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ethelwulf

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Re: Distinguishing paganism from christianity
« Reply #18 on: February 06, 2014, 01:45:02 am »
Quote from: Valentine;138922
Well, my first answer is more of a change of the question: is the person doing it Christian? Pagan?  There are so many acts that just sort of are themselves, or that many of us from many backgrounds do.  For me what's more relevant is, is it part of a Christian practice?  A Pagan practice?  more than a notion of an act being itself inherently "Pagan" or "Christian."

 
     I appreciate all of the posts and realize my start was too ambiguous so I found an actual case in history and would like help in understanding if all of this is case is consistant with Christianity of if there are pagan beliefs here also and how do you make the distinction.

        In 1692 a Swedish man was placed on trial for being a witch. The main physical evidence was a rune drum carved from pine with a drum skin that had decorations in its surface and was asked to explain all of the figures on the drum. He started with the top row which showed a human figure he called Ilmaris who helpful when bad weather has been conjured up. When God is prayed to he will have Ilmaris call back the bad weather but Ilmaris is also able to make bad weather. Next was a human figure called Diermis who represented thunder and is helpful when there are floods and lots of rain, So when God is prayed to, Diermis will call back the weather, and he also confessed that Diermis can cause evil and bad weather that damages ships and boats. The third figure was Gvodde who appears as a wild reindeer. When god was prayed to Gvodde give good fortune in the hunt of the wild reindeer. He explained that God he is praying to is almighty God who is in a position to delegate his power to his helpers who were represented on the drum and the helpers can act only on the command of God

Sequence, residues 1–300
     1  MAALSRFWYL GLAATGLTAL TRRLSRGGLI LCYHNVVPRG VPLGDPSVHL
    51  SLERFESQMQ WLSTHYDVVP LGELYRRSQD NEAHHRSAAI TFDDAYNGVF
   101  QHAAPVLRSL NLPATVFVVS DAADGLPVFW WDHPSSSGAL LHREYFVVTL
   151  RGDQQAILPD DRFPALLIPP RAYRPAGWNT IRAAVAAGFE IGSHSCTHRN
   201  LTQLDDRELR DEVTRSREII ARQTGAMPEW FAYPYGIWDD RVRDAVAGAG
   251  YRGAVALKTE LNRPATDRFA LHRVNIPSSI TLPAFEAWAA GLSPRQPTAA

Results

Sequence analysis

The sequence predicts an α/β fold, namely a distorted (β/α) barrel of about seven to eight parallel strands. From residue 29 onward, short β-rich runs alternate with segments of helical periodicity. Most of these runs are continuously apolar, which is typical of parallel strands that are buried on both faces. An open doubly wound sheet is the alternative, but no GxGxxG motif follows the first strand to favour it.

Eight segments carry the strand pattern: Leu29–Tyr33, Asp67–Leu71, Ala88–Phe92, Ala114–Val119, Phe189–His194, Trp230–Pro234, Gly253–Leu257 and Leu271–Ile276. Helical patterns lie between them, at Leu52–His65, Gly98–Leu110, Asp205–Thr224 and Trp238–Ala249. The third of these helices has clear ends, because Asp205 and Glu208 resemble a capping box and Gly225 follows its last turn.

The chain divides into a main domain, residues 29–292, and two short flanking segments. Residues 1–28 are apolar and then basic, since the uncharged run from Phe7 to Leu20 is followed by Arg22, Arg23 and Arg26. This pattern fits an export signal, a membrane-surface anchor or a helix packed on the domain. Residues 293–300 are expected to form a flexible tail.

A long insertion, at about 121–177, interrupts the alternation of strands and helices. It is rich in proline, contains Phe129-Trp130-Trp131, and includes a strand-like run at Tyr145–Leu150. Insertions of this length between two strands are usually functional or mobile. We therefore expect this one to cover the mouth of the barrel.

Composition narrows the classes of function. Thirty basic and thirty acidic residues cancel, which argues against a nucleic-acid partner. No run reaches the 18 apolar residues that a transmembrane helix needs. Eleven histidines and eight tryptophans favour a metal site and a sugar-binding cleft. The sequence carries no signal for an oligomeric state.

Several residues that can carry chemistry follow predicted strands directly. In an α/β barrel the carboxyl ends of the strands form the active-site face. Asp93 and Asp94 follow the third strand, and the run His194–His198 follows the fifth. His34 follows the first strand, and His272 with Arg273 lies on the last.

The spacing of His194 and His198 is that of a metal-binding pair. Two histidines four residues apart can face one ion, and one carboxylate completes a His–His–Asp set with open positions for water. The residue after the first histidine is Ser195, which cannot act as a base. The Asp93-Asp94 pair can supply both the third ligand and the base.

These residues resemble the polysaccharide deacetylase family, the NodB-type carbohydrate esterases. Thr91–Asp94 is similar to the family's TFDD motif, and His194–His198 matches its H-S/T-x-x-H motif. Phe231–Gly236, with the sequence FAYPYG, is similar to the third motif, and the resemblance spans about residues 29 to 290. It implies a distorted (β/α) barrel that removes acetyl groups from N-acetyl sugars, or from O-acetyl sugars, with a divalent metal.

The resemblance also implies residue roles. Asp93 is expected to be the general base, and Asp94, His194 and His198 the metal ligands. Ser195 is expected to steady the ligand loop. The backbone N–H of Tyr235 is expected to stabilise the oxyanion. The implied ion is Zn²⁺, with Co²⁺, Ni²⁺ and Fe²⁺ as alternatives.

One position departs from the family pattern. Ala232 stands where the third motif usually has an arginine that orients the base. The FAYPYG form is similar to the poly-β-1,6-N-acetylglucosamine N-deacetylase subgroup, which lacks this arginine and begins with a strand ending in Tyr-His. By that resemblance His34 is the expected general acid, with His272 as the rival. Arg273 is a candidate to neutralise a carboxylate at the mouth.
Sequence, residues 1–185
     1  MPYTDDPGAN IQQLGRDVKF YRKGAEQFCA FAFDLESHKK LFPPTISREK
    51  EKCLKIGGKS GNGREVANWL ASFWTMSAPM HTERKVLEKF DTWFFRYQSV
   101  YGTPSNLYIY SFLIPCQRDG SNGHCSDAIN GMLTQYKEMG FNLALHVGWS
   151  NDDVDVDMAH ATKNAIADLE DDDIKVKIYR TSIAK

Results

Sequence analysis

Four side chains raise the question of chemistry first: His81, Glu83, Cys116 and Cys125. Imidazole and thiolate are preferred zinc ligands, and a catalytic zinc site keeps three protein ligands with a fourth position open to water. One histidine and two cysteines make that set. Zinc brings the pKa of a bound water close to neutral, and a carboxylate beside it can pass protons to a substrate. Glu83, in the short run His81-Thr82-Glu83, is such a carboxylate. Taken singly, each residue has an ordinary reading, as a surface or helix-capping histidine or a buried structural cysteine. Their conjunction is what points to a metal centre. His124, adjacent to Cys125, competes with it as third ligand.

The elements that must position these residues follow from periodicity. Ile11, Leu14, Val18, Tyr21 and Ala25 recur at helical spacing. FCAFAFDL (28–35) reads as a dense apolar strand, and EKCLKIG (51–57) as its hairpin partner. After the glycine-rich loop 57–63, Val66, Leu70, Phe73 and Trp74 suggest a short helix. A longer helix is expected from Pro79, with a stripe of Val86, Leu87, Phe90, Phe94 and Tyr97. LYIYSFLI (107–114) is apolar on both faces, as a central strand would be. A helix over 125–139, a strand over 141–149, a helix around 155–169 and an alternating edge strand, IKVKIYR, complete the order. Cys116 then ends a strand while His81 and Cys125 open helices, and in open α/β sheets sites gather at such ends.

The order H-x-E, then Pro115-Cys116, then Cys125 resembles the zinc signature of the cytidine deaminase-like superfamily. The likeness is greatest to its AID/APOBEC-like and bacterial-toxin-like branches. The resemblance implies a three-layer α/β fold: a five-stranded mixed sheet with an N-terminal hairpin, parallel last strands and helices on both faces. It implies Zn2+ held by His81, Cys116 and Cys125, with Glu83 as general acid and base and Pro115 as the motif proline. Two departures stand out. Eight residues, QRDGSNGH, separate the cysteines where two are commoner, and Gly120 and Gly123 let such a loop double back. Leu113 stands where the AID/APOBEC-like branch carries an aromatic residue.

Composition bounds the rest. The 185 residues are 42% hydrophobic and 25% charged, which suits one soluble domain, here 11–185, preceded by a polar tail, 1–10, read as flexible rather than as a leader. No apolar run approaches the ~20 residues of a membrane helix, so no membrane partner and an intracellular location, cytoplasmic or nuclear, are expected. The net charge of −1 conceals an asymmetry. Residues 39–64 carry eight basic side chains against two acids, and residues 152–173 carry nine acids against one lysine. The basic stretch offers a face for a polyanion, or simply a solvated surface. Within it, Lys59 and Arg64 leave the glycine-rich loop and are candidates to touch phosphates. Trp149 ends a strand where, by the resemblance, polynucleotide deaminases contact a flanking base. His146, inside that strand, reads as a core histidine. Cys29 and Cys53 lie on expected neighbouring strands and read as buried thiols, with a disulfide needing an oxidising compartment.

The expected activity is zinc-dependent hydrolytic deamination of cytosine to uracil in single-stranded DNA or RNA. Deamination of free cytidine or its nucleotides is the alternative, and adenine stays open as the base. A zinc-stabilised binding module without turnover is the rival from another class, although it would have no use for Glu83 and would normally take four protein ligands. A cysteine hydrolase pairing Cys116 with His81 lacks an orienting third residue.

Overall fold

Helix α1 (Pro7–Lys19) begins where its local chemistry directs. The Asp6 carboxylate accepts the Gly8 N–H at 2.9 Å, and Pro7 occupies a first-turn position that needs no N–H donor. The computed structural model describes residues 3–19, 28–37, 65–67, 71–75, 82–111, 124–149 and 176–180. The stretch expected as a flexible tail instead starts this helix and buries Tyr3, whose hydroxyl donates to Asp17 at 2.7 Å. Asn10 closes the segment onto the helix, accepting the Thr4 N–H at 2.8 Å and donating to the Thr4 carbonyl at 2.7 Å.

The drum had a second row of five figures. A circle pierced by a line called Peive which is the sun that will bring beautiful sunny weather when god is prayed to. The a second figure is the child Jumal who is Christ and absolves all sins the next figure is called Juma-etziem and is god the father who castigates for all sins but also provides, commands and punishes when asked to. The fourth figure is of a church called Dom Kirch which gives absolution, peace of mind and a Christian death. The last figure is another human figure called Engil who is the holy spirit.
At this point he was asked what kind of God he was worshiping and he answered, “The God that is worshiped are those figures that he has painted, the deities, about whom he says his mother taught him” It was noted in the trial that his mother was did not follow Christianity but instead followed the old gods.